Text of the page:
Duodenal ulcer is an open sore on the lining of the duodenum, the first portion of the small intestine.

Duodenal ulcers most commonly occur in patients taking aspirin or anti-inflammatory drugs (NSAID) or in people infected with a bacteria called Helicobacter pylori (H. pylori).

Duodenal ulcers may be complicated by bleeding, perforation (a hole through the wall of the intestine) or stricture formation (a narrowing).


Patients with an ulcer often complain of a burning or gnawing pain in the upper abdomen, especially after eating. Other symptoms may include nausea, vomiting or bleeding (vomiting blood or passing black or bloody stools).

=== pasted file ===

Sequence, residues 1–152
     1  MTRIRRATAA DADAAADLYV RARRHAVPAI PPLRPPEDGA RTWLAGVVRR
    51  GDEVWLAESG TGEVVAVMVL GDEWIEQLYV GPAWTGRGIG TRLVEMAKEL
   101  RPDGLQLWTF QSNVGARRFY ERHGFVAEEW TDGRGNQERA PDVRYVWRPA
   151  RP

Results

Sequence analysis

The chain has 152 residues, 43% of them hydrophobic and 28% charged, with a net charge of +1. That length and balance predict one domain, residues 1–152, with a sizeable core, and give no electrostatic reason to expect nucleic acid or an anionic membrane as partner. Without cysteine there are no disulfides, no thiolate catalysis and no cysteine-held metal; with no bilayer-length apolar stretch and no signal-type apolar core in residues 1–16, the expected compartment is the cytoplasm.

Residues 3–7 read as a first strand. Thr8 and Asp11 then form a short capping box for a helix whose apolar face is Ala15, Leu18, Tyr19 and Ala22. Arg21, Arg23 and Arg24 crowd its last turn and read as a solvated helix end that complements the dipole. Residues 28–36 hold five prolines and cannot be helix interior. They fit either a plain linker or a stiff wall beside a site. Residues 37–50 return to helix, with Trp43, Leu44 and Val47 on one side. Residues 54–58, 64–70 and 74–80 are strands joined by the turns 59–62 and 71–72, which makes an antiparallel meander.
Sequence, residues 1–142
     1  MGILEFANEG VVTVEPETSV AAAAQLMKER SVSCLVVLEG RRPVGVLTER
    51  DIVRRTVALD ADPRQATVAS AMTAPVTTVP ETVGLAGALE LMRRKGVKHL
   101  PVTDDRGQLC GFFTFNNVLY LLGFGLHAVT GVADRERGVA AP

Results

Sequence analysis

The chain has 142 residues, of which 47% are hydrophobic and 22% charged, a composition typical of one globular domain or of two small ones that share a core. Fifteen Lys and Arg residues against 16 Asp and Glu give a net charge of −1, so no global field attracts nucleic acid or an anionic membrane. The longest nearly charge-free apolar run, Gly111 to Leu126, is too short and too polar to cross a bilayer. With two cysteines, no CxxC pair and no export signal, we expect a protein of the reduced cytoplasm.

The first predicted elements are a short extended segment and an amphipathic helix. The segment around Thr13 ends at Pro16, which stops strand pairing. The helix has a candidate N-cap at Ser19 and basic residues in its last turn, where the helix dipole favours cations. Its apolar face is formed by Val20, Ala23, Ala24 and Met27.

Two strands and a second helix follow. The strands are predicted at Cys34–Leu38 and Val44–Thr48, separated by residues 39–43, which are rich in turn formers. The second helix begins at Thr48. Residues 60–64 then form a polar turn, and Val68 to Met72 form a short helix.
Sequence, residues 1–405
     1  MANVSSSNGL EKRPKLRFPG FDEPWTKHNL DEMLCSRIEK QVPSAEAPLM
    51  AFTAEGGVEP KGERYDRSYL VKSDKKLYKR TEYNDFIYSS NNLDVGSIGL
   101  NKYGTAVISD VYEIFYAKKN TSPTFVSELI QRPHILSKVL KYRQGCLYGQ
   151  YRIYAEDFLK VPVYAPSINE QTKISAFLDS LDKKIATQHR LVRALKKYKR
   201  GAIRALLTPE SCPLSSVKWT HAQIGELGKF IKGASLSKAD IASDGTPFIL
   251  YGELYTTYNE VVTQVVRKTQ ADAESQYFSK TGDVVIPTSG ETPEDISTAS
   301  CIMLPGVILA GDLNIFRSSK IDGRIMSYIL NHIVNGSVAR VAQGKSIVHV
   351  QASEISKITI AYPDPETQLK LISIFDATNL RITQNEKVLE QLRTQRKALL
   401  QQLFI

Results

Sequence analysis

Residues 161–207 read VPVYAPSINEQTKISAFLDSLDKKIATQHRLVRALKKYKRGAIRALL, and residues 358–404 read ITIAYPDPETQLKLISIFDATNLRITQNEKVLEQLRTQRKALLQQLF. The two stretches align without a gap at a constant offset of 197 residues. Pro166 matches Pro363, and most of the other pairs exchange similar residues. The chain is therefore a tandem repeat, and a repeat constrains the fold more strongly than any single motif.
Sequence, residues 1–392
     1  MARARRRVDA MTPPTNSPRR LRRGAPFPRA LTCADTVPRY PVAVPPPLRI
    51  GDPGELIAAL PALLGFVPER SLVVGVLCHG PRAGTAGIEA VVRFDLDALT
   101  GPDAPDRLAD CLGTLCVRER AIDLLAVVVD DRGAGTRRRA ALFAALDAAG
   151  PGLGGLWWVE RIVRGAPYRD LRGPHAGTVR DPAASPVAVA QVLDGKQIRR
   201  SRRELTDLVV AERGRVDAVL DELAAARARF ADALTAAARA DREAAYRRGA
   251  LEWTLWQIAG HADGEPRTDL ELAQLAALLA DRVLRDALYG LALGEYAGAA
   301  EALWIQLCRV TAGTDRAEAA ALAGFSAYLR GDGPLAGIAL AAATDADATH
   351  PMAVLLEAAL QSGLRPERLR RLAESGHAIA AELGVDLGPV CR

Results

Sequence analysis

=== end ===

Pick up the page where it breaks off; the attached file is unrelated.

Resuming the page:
Duodenal ulcers can be diagnosed by x-rays or by passing a flexible tube through the mouth into the esophagus, stomach and duodenum to directly visualize the lining of the duodenum (an endoscopy).


Duodenal ulcers are easily treated by medications that reduce acid production. Patients with Helicobacter pylori (H. pylori) infection should also receive antibiotic therapy to eliminate the infection from the stomach, as this will reduce the risk of ulcer recurrence.